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Glaucoma
Glaucoma is an eye condition that damages your optic nerve. Learn what causes it.

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What Is Glaucoma?

Glaucoma is an eye disease that can damage your optic nerve. The optic nerve supplies visual information to your brain from your eyes. 

Glaucoma is usually, but not always, the result of abnormally high pressure inside your eye. Over time, the increased pressure can erode your optic nerve tissue, which may lead to vision loss or even blindness. If it’s caught early, you may be able to prevent additional vision loss.

What Are the Symptoms of Glaucoma?

The most common type of glaucoma is primary open-angle glaucoma. It has no signs or symptoms except gradual vision loss. For that reason, it’s important that you go to yearly comprehensive eye exams so your ophthalmologist, or eye specialist, can monitor any changes in your vision.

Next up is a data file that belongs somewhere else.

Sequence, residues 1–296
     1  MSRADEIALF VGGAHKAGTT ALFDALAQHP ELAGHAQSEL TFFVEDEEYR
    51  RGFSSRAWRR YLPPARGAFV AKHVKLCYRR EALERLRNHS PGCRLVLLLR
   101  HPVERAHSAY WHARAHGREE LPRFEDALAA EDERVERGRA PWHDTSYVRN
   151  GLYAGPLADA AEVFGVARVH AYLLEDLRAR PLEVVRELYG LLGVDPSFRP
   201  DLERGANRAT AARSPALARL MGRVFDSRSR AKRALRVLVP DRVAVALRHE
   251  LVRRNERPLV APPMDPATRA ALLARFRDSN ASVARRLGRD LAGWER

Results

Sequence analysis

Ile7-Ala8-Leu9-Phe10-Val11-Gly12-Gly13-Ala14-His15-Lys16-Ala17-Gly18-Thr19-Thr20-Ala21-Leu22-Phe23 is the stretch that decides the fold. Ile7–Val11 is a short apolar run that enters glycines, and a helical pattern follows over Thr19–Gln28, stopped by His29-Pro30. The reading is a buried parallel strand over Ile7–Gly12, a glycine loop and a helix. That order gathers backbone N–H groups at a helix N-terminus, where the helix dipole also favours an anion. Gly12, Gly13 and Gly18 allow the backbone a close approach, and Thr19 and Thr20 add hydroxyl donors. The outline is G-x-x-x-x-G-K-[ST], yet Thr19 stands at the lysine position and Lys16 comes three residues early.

Acute-angle closure glaucoma, which is also known as narrow-angle glaucoma, is a medical emergency. See your doctor immediately if you experience any of the following symptoms:

  • severe eye pain
  • nausea
  • vomiting
  • redness in your eye
  • sudden vision disturbances
  • seeing colored rings around lights
  • sudden blurred vision

What Causes Glaucoma?

The back of your eye continuously makes a clear fluid called aqueous humor. As this fluid is made, it fills the front part of your eye. Then, it leaves your eye through channels in your cornea and iris. If these channels are blocked or partially obstructed, the natural pressure in your eye, which is called the intraocular pressure (IOP), may increase. As your IOP increases, your optic nerve may become damaged. As damage to your nerve progresses, you may begin losing sight in your eye.